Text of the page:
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Kings Waterfront Arena

AN update on financial aspects of the project from Neil Wolstenholme



Kings Waterfront Arena Company is a Joint Venture comprising the following shareholders:
  • Everton Football Club — 50% 
  • Liverpool City Council — 25% 
  • English Partnerships — 12.5% 
  • NWRDA — 12.5%

This gives a 50:50 split between public and private ownership of the project (the precise balance among the public shareholders may vary depending on how much money each puts up).  They are the shareholders in the project (the equity). 



The arena is proposed to be funded as follows (approx cost estimated to be £155M per Liverpool Vision):

Equity — £60M   Everton FC will put up £30M, ie, 50% and the  various Public shareholders will put up £30M — the remaining 50%

EU Objective 1 — £35M  This will be funded as a Merseyside-wide contribution from the European Regional Development Fund element — NOT from either the ring-fenced City Centre pot or the European Structural Fund.  There'll be some more info coming out on this shortly that will provide far more detail than this and will show how spurious the arguments of Peter Kilfoyle and the Abercromby ward councillors have been in this area.

Development Receipt — £40M  This is the estimated contribution from the various private developers who will take on the non-arena elements of the project (see below).  This is obviously a best guess / target but it has been checked by 3 different sets of independent consultants already. 

Waterfront Arena Company Bond — £20M  EFC will own 50% of a company taking out a long-term debt of £20M.  If there is a shortfall in any other area or a cost overrun, this could increase but the plan is to operate a fixed-price construction contract (there is always wriggle room, however) and if there was a significant shortfall in EU funds (not anticipated), the project could be at risk.

There is one other potential source of funding that would offset any risk here — sale of naming rights.  This requires EU approval but if received the amounts could be substantial based on US experience and the limited UK experience to date.




Where does EFC fund their £30M from?  

I don't know.  I have been told 2 equally plausible variations) but both Joe Dwyer (Liverpool Vision) and Mike Storey (Liverpool council) have said that EFC have PROVED the money is there.  As their necks are on the block for any screw ups, they will have made damn sure before expressing this confidence.  Obvious possibilities include more debt (aarrgghh!) or new equity from existing shareholders or new investors who are lined up.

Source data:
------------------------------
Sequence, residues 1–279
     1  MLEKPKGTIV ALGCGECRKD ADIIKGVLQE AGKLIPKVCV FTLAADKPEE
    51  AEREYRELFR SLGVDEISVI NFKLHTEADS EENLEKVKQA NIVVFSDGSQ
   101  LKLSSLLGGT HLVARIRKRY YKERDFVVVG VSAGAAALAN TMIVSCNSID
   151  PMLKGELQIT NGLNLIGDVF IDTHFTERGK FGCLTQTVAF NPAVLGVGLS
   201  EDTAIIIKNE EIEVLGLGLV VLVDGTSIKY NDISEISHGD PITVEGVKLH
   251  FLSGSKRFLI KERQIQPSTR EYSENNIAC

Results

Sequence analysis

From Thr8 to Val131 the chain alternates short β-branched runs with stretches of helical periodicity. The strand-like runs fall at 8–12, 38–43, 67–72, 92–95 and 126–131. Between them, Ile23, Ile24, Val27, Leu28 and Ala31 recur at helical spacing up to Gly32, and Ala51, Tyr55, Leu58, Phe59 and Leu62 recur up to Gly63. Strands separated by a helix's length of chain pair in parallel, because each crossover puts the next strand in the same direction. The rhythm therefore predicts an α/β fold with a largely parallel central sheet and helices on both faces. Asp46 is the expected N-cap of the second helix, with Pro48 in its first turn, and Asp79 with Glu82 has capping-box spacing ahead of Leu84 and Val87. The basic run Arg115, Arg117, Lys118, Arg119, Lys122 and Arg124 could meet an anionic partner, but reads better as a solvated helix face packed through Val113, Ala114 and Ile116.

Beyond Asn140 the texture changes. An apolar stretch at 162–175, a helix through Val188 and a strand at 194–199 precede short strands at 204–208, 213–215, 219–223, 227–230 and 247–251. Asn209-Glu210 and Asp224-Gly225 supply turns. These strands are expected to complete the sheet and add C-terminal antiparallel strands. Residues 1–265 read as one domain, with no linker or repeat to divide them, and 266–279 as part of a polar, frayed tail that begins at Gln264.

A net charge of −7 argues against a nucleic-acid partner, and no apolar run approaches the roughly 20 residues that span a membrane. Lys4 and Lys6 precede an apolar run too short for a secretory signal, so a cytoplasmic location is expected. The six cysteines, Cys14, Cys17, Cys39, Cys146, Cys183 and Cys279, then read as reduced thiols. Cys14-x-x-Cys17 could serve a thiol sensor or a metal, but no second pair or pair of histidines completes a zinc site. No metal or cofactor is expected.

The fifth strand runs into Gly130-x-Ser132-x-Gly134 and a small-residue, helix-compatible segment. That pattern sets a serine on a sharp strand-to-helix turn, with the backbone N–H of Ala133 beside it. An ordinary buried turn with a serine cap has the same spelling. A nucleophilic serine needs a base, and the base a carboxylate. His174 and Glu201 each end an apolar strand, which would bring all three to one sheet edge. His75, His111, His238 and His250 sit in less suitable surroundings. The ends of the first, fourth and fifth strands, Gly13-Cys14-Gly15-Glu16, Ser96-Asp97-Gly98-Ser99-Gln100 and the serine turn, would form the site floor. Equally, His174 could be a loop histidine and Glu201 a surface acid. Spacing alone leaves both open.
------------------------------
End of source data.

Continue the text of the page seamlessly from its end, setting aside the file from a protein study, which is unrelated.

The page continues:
The key point here is that the shareholders contribute only £60M in equity to the Arena so the fact that EFC get 50% for £30M is in fact totally in line with their contribution — all of the rest is coming from a combination of grant, loan and development receipts (at least that is the plan).  It isn't magic, just clever business.

As for the rest of the project.  It is my understanding that this will be farmed out to either a lead private developer (e.g. Bovis Lend Lease, who are set to be the management contractors for the Arena construction) or to a consortium of private developers (housing, retail, hotel, cinema etc).  Discussions in this area have been going on for a while and there is a lot of competition involved.  Whether this will yield the projected £40M for the project is a judgement call.  Whether the Waterfront Arena company will retain any long-term financial interest in these aspects is unclear but it would seem unlikely based on the funding model (but that is speculation, not fact!!!).




What is certain is that EFC would own 50% of the Arena and would derive income in the following way (some details will no doubt be subject to negotiation):

  • 100% of match receipts and direct matchday income 
  • 50% of income from other events 
  • 50% of other income (e.g. 'pouring rights'; naming rights if not offset against capital cost; parking income; etc.) 


  • Management Fee to the Waterfront Arena Company  Probably 50% of the general running costs of the facility and of the costs of financing and repaying the long-term debt
  • Facility Fee  100% of the incremental match day costs e.g. stewarding etc. etc. — EFC may continue to pay such costs directly)

The conundrum is whether the incremental income from increased capacity, more premium & executive seats + 50% of all other Arena related income more than offsets our share of the running costs (and remember that as we own 50% of the management company we are effectively paying half of our management fee to ourselves).  All the projections (which have been poured over by two sets of accountants and a variety of other experts and consultants) say they will — and then some...  If the Arena performs to business plan and EFC get crowds close to capacity, the NET boost to EFC's coffers would be (so I'm told — but I haven't seen the projections) in excess of £15M per annum.

Now I know there are lots of 'if' statements in the above because the deal is complex, the funding isn't finalised yet, the plans aren't approved, the thing isn't built and it isn't up and running.  I'm not asking anyone to take a leap of faith and assume it will all go to plan (I certainly do NOT assume that, there have been hiccoughs along the way so far and no doubt there will be more) all I am asking is that we at least get away from peddling myths about EFC getting something for nothing etc.  

This project is only commercially viable because EFC are involved as we provide a core use for the facility and a strong enough income stream to cover half the operating costs.  We also provide a high profile attraction (believe it or not — providing we manage to stay in the Premiership!!!) for other developers, potential naming rights parties etc.

Neil Wolstenholme
21 March 2002


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